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When attempting to construct a classifier for a somewhat imbalanced data set, I was led to the question of measuring the performance of the classifier. One of the first things I thought of was to take the average of precision and specificity:

$$\frac{(\text{true positive rate} + \text{true negative rate)}}{2}$$

It seems quite an intuitive measure to me. Moreover one can take a weighted average depending on how important the prediction rate for each class is. Also it generalizes in a straightforward way to multiple classes. One can incorporate it into a 2-class cost matrix by setting the off diagonals to:

$$\frac{(N-N_1)}{N}, \frac{(N-N_2)}{N}$$

However, I could not find any reference online to any such measure - there appears to be no name for it! There are all sorts of combinations of other measures, but not this one. I was wondering if someone can point me to any discussion of it.

Edit: I originally had misunderstood the definition of specificity as $TN \over TN+FN$ when actually it is defined as $TN \over TN+FP $. I have corrected the title. As far as I can find, there is no name for "true-negative rate".

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What you are proposing is the (weighted or not) arithmetic mean of precision and specificity.

Two of the most common (confusion matrix) metrics being used are:

  • F1-score. This is essentially the harmonic mean of precision and recall.
  • Fβ-score. A weighted version of the above. It measures the effectiveness of retrieval with respect to a user who attaches β times as much importance to recall as precision.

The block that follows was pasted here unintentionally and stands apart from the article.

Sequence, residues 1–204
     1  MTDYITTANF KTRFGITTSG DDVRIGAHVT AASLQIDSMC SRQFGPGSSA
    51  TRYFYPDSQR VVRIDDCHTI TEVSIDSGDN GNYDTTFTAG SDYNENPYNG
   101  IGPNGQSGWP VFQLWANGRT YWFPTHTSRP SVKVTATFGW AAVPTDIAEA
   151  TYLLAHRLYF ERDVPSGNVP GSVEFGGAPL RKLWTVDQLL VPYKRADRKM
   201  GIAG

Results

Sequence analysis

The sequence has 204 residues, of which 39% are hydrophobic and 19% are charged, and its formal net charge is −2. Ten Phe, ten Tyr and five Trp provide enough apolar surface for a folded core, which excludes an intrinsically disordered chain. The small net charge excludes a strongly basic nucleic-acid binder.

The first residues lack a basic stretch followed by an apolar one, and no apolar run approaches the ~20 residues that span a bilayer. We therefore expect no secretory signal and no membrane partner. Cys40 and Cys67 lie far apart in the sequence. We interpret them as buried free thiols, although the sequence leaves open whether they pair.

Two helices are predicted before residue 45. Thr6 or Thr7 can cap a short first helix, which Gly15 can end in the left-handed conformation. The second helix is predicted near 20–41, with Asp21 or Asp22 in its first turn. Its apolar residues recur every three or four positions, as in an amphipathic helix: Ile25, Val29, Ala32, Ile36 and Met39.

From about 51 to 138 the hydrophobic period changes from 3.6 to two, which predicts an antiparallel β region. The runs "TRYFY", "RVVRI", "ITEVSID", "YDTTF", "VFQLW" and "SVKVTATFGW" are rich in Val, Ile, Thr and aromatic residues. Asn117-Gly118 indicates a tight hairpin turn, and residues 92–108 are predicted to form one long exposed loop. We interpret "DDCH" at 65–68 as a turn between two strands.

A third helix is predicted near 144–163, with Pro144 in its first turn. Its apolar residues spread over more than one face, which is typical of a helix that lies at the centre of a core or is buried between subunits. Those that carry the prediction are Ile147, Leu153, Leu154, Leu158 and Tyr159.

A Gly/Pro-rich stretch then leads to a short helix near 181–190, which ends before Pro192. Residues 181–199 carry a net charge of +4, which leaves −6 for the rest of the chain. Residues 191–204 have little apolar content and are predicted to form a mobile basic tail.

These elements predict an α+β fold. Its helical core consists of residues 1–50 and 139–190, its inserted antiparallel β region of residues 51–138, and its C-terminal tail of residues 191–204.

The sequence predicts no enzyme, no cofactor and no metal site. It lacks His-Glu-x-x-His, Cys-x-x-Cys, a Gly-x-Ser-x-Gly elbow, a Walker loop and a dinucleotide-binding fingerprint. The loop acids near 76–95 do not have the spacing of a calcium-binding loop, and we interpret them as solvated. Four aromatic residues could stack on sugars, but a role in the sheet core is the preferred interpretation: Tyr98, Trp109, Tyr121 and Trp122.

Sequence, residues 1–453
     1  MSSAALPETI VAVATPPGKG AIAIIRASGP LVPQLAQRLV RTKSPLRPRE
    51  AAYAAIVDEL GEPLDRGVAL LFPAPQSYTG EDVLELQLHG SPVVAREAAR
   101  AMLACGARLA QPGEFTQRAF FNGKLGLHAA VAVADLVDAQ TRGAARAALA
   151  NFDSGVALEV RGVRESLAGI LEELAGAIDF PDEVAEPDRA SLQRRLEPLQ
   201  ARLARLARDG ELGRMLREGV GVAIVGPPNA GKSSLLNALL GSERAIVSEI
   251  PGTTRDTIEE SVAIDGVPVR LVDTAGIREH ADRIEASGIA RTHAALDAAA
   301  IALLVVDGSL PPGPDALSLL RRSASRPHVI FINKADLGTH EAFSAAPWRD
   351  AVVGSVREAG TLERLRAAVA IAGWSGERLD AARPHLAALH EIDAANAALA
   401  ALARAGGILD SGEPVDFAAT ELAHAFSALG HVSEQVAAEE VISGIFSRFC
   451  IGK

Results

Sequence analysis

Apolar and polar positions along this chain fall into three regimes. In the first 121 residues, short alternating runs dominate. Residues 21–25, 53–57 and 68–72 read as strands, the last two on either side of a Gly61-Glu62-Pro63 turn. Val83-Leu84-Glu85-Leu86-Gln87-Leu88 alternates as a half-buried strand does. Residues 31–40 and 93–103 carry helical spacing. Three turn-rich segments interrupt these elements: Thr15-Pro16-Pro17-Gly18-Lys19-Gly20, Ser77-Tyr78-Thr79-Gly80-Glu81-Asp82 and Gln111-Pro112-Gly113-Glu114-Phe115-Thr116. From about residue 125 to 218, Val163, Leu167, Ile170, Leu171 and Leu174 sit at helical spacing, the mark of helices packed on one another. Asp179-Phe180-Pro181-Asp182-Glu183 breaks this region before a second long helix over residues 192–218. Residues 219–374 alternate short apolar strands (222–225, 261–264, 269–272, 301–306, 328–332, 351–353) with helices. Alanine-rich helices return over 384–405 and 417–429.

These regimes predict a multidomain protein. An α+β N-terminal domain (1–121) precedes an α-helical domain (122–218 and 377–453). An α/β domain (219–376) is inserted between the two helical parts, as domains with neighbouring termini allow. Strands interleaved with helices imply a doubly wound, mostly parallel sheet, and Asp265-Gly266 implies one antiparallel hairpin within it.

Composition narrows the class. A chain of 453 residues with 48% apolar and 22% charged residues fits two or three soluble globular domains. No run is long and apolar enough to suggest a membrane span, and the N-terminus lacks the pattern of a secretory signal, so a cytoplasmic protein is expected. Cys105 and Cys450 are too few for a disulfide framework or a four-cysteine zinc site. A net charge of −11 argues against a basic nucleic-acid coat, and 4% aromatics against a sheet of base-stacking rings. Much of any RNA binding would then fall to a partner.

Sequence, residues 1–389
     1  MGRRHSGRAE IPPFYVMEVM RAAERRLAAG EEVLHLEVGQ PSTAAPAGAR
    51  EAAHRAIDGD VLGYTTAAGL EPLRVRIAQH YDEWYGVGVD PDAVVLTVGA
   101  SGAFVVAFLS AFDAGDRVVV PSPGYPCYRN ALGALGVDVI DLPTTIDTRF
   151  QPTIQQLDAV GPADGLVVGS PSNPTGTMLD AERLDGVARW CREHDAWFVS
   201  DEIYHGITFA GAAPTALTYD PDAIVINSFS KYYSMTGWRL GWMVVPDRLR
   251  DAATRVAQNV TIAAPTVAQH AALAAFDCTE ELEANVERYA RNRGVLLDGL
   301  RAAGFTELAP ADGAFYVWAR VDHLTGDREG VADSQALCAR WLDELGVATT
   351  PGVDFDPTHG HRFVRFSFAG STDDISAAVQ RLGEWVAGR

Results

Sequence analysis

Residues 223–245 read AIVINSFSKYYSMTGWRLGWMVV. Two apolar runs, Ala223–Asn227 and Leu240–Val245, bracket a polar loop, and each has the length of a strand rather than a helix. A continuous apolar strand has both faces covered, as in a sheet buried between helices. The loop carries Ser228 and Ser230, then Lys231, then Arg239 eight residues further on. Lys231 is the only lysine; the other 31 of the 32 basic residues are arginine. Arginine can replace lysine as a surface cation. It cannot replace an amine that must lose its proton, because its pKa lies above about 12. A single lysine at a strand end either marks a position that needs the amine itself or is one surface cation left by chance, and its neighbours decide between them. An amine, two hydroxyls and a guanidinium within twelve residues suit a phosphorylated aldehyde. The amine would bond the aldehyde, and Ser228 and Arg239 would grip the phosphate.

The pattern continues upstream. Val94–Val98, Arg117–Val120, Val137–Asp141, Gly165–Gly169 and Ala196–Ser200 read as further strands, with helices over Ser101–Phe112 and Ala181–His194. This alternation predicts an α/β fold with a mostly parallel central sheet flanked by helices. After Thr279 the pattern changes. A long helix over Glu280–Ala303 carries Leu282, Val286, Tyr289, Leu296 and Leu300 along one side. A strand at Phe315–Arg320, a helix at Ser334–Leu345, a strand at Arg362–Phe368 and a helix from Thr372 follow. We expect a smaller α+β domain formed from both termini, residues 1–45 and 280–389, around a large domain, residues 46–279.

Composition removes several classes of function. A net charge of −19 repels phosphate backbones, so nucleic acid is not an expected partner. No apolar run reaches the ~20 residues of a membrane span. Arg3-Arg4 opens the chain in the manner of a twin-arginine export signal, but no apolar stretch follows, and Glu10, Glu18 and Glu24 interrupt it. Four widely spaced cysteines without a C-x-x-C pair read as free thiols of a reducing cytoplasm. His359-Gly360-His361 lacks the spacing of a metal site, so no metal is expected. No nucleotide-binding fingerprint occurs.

• Geometric Mean Score. It corresponds to the geometric mean of sensitivity and specificity and is used mostly in imbalanced problems.

Your question essentially comes down to:

Why are the harmonic and geometric means preferred to the arithmetic mean for averaging confusion matrix metrics?

An excellent answer concerning these three means and their diffenences can be found here. Also, a discussion on which mean to use and when can be found here.

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  • $\begingroup$ Thanks for the information. According to the answer at [this link][1] the average of the per class accuracy is not a "proper score function" - but I'm not convinced. I have to read up on some of the classification terminology and get back. [1]: stats.stackexchange.com/questions/251970/… $\endgroup$ – skm Apr 24 '18 at 9:23
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    $\begingroup$ Nothing mentioned above is a proper accuracy score. And are you certain it was appropriate to cast this problem as a classification problem and not one of risk estimation? Describe the problem more fully. And note that imbalance is to be expected, so it's not clear why you mentioned that. $\endgroup$ – Frank Harrell Apr 24 '18 at 12:16

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